In the Air Force:
Occupational Therapist; Physical Medicine; Physical Medicine Apprentice; Physical Medicine Apprentice, Orthotic; Physical Medicine Craftsman; Physical Medicine Helper; Physical Medicine Helper, Orthotic; Physical Medicine Journeyman; Physical Medicine Journeyman, Orthotic; Physical Medicine Superintendent
In the Army:
Medical Specialist Corps Officer; Occupational Therapy; Occupational Therapy Specialist; Orthopedic Specialist; Physical Therapy; Physical Therapy Specialist
For patients recovering from injuries or illness... the work to regain lost abilities or get relief from pain is supported by physical therapist assistants and aides. These healthcare workers have the stamina, compassion and skills to help patients get back on their feet. Working under the supervision of physical therapists, physical therapist-or PT-assistants provide direct care to patients... using massage, exercises, and specialized activities such as gait and balance training. They document patients' progress and report their observations to the physical therapist. To ensure progress is maintained after treatment, PT assistants also educate patients and their families about follow-up. Physical therapist aides prepare the treatment area for physical therapy, clean and set up equipment, and assist patients moving to and from treatment areas. Aides also order supplies, schedule therapy sessions, and complete insurance forms. Most assistants and aides work in physical therapists' offices or hospitals. They are in motion much of the day to see patients, set up equipment, and lift and move patients when needed. Physical therapist assistants need an associate's degree from an accredited program, along with a state license or certification. Aides usually need a high school diploma or equivalent, and can expect to learn clinical skills on the job. Supporting patients through discouragement, fear and pain, PT assistants and aides help bring recovery goals ... within reach.
What they do:
Assist physical therapists in providing physical therapy treatments and procedures. May, in accordance with state laws, assist in the development of treatment plans, carry out routine functions, document the progress of treatment, and modify specific treatments in accordance with patient status and within the scope of treatment plans established by a physical therapist. Generally requires formal training.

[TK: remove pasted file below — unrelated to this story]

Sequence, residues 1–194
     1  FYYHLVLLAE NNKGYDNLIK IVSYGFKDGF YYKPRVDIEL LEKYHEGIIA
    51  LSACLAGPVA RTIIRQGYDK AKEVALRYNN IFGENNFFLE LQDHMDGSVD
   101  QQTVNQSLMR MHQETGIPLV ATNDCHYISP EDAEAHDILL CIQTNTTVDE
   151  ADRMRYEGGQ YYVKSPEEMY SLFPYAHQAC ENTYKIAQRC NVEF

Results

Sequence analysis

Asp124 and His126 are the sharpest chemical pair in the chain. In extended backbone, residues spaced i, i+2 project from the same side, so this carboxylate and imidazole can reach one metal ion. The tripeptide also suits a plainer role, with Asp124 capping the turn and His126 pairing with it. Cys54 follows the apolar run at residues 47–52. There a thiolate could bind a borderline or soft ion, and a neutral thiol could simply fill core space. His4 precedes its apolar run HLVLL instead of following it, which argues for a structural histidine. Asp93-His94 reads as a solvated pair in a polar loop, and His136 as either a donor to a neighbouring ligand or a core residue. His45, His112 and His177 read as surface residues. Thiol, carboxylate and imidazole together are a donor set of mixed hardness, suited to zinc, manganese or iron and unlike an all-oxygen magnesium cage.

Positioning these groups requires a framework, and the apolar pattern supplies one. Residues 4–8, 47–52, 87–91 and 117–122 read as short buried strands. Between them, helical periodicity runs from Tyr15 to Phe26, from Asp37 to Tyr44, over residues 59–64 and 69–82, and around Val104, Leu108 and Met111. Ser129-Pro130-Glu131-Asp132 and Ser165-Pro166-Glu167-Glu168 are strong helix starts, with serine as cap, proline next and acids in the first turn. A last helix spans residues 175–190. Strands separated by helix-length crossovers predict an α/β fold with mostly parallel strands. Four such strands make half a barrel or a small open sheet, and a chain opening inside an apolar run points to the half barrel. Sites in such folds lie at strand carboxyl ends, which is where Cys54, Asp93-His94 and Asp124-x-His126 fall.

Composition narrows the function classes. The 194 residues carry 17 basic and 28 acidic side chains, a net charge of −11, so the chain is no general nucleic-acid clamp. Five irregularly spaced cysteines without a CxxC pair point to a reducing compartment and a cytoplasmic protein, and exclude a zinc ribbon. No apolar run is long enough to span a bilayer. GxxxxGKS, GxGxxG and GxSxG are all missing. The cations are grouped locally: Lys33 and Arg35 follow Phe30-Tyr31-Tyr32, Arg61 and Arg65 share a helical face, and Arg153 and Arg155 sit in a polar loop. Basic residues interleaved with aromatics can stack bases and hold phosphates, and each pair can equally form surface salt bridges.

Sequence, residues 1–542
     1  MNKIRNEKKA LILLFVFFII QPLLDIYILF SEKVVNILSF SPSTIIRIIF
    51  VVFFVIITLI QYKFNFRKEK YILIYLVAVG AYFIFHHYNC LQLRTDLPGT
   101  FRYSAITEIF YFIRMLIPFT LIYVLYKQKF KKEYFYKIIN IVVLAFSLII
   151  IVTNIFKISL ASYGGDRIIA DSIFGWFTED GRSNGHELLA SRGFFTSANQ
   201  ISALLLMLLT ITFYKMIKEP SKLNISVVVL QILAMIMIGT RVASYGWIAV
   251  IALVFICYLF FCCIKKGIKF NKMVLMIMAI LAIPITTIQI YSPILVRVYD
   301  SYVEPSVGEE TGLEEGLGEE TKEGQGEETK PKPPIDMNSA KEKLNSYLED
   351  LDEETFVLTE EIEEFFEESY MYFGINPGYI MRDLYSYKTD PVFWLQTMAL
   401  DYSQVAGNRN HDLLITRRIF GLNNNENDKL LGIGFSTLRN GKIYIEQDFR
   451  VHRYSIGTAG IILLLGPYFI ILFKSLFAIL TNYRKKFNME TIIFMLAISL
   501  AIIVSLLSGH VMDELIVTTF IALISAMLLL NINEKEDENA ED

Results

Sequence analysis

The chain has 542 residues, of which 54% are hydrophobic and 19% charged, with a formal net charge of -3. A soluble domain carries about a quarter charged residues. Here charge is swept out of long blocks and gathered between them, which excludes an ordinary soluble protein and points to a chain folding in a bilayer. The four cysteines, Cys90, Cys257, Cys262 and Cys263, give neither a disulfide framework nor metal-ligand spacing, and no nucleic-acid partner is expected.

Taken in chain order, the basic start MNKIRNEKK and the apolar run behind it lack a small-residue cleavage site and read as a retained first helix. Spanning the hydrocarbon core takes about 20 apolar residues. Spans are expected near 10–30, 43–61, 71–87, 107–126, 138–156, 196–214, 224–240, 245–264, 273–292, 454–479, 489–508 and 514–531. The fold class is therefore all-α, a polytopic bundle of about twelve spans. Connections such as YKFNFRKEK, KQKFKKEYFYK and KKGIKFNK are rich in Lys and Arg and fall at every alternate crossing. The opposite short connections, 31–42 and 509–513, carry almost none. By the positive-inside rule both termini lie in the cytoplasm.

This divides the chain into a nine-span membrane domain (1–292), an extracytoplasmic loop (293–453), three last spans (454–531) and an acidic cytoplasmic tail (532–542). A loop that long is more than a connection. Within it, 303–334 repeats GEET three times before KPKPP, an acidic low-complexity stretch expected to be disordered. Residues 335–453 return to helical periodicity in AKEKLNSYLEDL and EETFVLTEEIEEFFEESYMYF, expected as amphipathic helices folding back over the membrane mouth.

On the job, you would:
Instruct, motivate, safeguard, and assist patients as they practice exercises or functional activities.
Document patient information, such as notes on their progress.
Observe patients during treatments to compile and evaluate data on their responses and progress and provide results to physical therapist in person or through progress notes.
therapy and counseling
medicine and dentistry
Arts and Humanities
Education and Training
teaching and course design
listening to others, not interrupting, and asking good questions
keeping track of how well people and/or groups are doing in order to make improvements
noticing a problem and figuring out the best way to solve it
understanding people's reactions
looking for ways to help people
communicate by speaking
listen and understand what people say
Ideas and Logic
notice when problems happen
make general rules or come up with answers from lots of detailed information
pay attention to something without being distracted
Hand and Finger Use
keep your arm or hand steady
People interested in this work like activities that include helping people, teaching, and talking.
They do well at jobs that need:
Concern for Others
Attention to Detail
You might use software like this on the job:
Medical condition coding software
Rehab Documentation Company ReDoc Suite
Data base user interface and query software
associate's degree or bachelor's degree usually needed
Get started on your career:
New job opportunities are very likely in the future.